It's not bad enough that Jacob Green has a father like Abraham, a man so narcissistic that his need for self-aggrandizement operates as a black hole in the family. Self-centered, smug and prone to violent verbal and physical outbursts, Abraham exists greedily as the center of his family's universe. Jacob wrestles with a gnawing sense of inadequacy, fostered in part by his father's insistence that Jacob attend a private Jewish school, where the child's uncommon knowledge of Hebrew is burnished but his treatable disabilities are ignored, left to foster an ever-growing sense of inferiority in the young adolescent.
Jacob knows how pathetic he is. "I'm a bar mitzvahed junior high student with braces, a bedtime and a father so far up my [behind] you can see him performing in my pupils." Jacob longs to be like his rebellious older brother Asher, whose Hebrew name means "happiness." Asher has "a girlfriend with stone-washed jeans and tobacco breath" who performs sexual acts on demand. Asher drinks, smokes dope and draws licentious pictures of rabbis performing ungodly acts on pigs and lobsters. What Jacob knows of himself is not good. He has a learning disability at a time when most "uninformed teachers think he's stupid." His substandard spelling launches his father into paroxysms of rage. Failing in school, Jacob will "return to a home where his father has zero patience for a son with limitations."
Instead of nurturing his son, Abraham torments him. "Tortured and embarrassed" by Jacob, Abraham "will literally hover over Jacob and wait for him to fail." It doesn't matter if his son can't write proper thank-you notes or find the ability to master multiplication tables. In a perversely gratifying manner, Abraham gets off on his son's failures; he relishes the chance to "demonstrate how grotesque failure really looks, feels, is."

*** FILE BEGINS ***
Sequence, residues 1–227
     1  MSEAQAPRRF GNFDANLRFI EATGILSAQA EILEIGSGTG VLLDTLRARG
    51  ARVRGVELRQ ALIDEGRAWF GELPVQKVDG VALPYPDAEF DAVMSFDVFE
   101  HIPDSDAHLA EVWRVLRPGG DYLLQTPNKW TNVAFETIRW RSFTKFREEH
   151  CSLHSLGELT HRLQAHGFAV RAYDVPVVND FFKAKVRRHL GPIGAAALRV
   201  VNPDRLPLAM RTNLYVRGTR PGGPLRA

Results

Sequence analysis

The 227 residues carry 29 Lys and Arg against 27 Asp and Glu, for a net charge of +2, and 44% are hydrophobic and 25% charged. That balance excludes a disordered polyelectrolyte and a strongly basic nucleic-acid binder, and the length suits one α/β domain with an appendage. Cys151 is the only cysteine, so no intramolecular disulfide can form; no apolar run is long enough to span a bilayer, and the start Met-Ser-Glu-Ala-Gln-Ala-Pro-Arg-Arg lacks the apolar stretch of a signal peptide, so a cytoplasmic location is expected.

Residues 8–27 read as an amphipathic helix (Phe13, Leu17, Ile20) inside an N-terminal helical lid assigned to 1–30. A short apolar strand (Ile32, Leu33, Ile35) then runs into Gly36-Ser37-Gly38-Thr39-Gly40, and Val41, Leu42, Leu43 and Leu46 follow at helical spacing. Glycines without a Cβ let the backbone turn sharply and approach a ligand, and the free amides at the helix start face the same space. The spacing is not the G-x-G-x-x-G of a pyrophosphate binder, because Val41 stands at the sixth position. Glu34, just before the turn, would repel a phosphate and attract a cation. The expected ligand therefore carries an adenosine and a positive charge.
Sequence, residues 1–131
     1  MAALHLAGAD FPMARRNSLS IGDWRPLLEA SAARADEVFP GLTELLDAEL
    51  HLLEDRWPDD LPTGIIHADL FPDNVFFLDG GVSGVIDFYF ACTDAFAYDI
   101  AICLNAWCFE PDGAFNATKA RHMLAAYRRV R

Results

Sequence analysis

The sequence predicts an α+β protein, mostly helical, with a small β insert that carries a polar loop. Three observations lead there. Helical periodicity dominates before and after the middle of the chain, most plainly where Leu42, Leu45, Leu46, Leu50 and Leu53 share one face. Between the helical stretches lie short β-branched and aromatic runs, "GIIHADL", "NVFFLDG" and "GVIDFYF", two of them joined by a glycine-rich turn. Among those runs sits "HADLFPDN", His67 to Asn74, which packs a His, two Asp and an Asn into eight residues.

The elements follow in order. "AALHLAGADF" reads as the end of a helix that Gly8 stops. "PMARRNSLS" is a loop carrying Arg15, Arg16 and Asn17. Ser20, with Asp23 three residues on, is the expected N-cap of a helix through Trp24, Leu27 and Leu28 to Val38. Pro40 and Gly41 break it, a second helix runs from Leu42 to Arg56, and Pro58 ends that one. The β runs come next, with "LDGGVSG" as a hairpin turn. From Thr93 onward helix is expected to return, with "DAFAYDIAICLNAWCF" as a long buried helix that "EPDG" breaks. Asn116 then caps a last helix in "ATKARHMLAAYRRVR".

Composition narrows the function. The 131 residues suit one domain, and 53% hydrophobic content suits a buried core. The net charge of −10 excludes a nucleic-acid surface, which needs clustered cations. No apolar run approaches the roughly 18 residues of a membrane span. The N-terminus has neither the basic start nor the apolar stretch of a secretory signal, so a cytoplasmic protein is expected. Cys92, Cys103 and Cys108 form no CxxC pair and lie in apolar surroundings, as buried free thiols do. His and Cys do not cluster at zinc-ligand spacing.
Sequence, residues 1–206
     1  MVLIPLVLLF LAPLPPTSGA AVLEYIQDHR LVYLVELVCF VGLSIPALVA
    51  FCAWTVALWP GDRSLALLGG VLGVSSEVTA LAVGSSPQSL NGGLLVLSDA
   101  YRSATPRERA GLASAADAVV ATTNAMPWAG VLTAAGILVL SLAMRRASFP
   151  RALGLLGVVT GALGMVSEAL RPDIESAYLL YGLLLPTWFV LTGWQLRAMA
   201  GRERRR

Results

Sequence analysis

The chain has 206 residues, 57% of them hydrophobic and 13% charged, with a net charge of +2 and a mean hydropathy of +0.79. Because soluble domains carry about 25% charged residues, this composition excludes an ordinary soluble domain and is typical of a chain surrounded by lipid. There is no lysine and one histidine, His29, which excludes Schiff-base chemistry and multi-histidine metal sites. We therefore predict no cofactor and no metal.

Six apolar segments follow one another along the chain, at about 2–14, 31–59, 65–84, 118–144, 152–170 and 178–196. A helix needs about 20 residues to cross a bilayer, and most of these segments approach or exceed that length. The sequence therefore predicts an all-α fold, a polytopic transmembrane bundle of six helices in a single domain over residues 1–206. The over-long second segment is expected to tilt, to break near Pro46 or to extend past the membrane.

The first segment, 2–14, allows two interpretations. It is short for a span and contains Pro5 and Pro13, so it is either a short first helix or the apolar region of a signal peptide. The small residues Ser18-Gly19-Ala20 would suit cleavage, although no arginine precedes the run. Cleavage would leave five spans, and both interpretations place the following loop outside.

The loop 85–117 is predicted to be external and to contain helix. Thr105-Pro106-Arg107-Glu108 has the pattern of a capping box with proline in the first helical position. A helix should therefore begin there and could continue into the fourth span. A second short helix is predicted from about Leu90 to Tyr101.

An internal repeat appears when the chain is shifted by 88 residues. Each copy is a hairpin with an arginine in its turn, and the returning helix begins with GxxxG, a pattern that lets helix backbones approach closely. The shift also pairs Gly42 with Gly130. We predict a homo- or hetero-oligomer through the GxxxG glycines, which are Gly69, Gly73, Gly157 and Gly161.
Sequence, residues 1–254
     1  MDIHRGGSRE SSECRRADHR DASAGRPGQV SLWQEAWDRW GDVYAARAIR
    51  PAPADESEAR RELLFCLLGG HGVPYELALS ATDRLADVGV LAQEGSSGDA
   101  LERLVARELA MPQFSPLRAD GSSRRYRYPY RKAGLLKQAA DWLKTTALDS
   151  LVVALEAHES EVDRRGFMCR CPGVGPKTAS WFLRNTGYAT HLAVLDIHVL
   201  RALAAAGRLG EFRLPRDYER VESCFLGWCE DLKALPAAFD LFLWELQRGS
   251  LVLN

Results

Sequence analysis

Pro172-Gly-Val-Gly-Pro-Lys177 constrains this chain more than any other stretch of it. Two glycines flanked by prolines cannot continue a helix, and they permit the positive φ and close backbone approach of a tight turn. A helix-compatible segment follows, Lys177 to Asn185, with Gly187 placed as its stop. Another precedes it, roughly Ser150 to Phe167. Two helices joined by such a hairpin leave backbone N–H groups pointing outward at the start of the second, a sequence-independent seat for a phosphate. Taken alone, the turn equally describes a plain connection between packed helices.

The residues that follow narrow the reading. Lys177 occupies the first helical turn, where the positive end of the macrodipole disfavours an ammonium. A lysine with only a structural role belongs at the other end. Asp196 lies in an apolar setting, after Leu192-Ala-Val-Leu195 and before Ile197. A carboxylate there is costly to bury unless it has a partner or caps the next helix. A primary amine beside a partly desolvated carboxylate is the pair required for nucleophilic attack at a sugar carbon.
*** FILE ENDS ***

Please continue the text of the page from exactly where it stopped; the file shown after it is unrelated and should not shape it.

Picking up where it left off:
Yet, "Unthinkable Thoughts" is an uproariously joyous novel. Life seethes underneath and as a result of the Green family's turmoil. Jacob's introduction to sex, blithely facilitated by a live-in nanny, is every early-adolescent boy's wildest fantasy come alive. The quirks, paradoxes and contradictions of suburban Jewish culture thrive under Braff's exquisite descriptive passages. If Asher as an older brother appears nihilistic and destructive, he also offers an unspoken and subtle message about survival and personal integrity to his younger brother. Even Jacob's mother mounts enough courage to give an Ibsen-like denunciation of her woeful New Jersey life.
It is the braided interplay between sorrow and joy, hopelessness and belief, pain and promise that gives "The Unthinkable Thoughts of Jacob Green" such poignancy. Whether it be Jacob's recounting of the rigid (and often preposterous) rules of the household or Asher's resort to sex, drugs and rock 'n' roll, the novel has satisfying energy. Joshua Braff has created the most improbable of heroes and has entrusted his readers with the opportunity to laugh through tears.
Tobias Wolff's This Boy's Life: A Memoir is afar better literary experience and vastly outshines Braff's offering, which reads more like a screenplay than a novel. Gee, I wonder why?